It’s that time. The end of the year beckons, inviting you to forget about your troubles, put your feet up and relax into a good book. But what to read? There are so many books published each year that the pressure of choosing can break even the most determined soul – but we’ve got you covered. Here is a selection of guaranteed great reads chosen by the eclectic team of bookloving professionals at Text Publishing. Just follow our guidance and you can’t go wrong...
Shalini Kunahlan, Marketing Manager:
The Plotters by Un su-Kim is one of the most entertaining novels I’ve read in a long time. I savoured every minute and didn’t want it to end. Our main man Reseng lives in the Library of Assassins with his grand master Old Raccoon. He was brought in as an orphan and found refuge in books. But he is also one of Seoul’s most deadly assassins. Reseng lives a life of self-imposed apathy, following the instructions of the Plotters, until he begins to feel for his victims. Then he discovers a miniature bomb in his toilet and sets out to uncover the culprit. He suspects every fantastically loathesome character in the underbelly of Seoul city except for the three unlikely women sitting right under his nose: a convenience store worker, her wheelchair-bound sister and a cross-eyed obsessive knitter – all with an extraordinary plot of their own. This is one to devour because it ticks every box: thought-provoking, laugh-out-loud funny, fabulous dialogue with magnificent characters that make you gasp with delight. Plus the action scenes are very stylish. Get on board the Korean lit fan bus and see what the fuss is all about.
Alaina Gougoulis, Editor:
A quick read’s a good read if you’re trying to fit a book in between stuffing yourself with mince pies and a game of backyard cricket, so here are a couple of masterpieces in miniature: Carys Davies’ West, a brief miraculous epic set on the American frontier, and Weike Wang’s Chemistry, a hilarious and insightful story about Figuring Stuff Out. Both paint on canvases far larger than their modest page count would suggest. If you have a bit more time and are looking for a counter to the commercialisation and excess that comes with the holiday season, pick up Ling Ma’s Severance: a savage satire of our late-capitalist moment that somehow also manages to be a moving family story and an earnest tribute to connection and kinship.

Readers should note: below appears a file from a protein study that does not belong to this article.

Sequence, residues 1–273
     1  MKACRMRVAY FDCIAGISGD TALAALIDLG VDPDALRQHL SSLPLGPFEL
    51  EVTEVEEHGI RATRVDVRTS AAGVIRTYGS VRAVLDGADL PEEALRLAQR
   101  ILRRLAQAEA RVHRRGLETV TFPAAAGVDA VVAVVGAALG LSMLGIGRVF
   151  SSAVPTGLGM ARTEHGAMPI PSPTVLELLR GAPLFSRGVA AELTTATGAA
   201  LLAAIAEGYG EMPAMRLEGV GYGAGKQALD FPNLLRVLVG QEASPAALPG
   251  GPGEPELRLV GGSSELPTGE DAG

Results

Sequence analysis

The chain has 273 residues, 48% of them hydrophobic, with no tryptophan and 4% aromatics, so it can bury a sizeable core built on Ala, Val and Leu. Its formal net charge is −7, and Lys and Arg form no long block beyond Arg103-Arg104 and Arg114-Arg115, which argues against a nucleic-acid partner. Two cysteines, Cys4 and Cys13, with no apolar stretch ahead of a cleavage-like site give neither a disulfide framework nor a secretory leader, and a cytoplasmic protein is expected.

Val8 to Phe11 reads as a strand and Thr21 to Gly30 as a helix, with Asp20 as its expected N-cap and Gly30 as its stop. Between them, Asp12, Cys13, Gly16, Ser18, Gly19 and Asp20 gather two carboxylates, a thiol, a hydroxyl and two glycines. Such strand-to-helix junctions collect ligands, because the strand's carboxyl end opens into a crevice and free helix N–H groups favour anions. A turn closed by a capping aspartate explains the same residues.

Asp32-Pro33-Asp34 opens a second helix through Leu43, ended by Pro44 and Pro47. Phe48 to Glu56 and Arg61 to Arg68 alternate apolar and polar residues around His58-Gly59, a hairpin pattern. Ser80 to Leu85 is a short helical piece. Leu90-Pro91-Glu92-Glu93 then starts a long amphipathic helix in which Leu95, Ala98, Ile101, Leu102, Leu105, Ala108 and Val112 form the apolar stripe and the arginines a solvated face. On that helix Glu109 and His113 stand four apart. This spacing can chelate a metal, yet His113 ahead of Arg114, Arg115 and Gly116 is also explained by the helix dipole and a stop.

David Winter, Senior Editor:
For Christmas, take a trip to the southern state with two unique books: the bewitching Flames by Robbie Arnott, one of the year’s finest novels, and the wide-ranging, beautifully illustrated anthology Island Story.
Two other favourites from my year in books are Sarah Selecky’s superb novel Radiant Shimmering Light and Peter Cochrane’s bracing history Best We Forget. If you need to stuff a stocking, Books That Saved My Life by Michael McGirr is a lifesaver: an engrossing and often very funny celebration of reading.
Kate Lloyd, Marketing Coordinator:
A Winter’s Promise by Christelle Dabos.
I love diving into a chunky book over the summer and this year I’m looking forward to getting stuck into book one of Dabos’ bestselling French fantasy series, A Winter’s Promise. This book ticks all the boxes for me – a kick-arse female protagonist, political intrigue, an epic and absorbing fantasy world and it’s the first in a trilogy so there’s plenty more to come!
Darren Nash, Digital Manager:
Jock Serong’s Preservation and Kate Grenville’s multi-award-winning The Secret River are like companion volumes written thirteen years apart; each telling of how the new colonists attempted to bend an unforgiving country to their will, and revealing that even a new world can harbour the oldest of sins. Both are compelling portraits of the nation’s early years, and neither shies away from examining the brutal treatment of the indigenous people at the hands of so-called ‘civilised’ folk. Read them back-to-back for the best effect.
On a more contemporary note, we’ve just published new editions – with striking new covers – of the Jack Irish series, by the grand master of Australian crime, Peter Temple, winner of the The Miles Franklin Award, the CWA Gold Dagger and no less than five Ned Kelly Awards. The series kicks off with Bad Debts but if you can stop at just one book, you have more self-control than I have.
Lawyer, debt collector, part-time cabinet maker and magnet for trouble, Jack Irish is a rough diamond to rival the very best that the crime genre can offer. With his tortured past, ramshackle lifestyle and smart mouth, he could be straight out of a Dashiel Hammett or James Ellroy novel – except Jack Irish doesn’t tread the mean streets of L.A. or the neon-lit alleys of New York, he haunts the inner suburbs of Melbourne and its surrounding country towns (preferably those with a racetrack). Tense, suspenseful, funny, dangerous and cleverly plotted – if you’re fair dinkum about Australian crime fiction, you need to read Peter Temple.
So there you have it: problem solved. That’s as fine and varied a selection of books as you could hope to encounter. If that lot can’t keep you occupied over the holidays, nothing can.
Merry Christmas and happy reading from all at Text Publishing!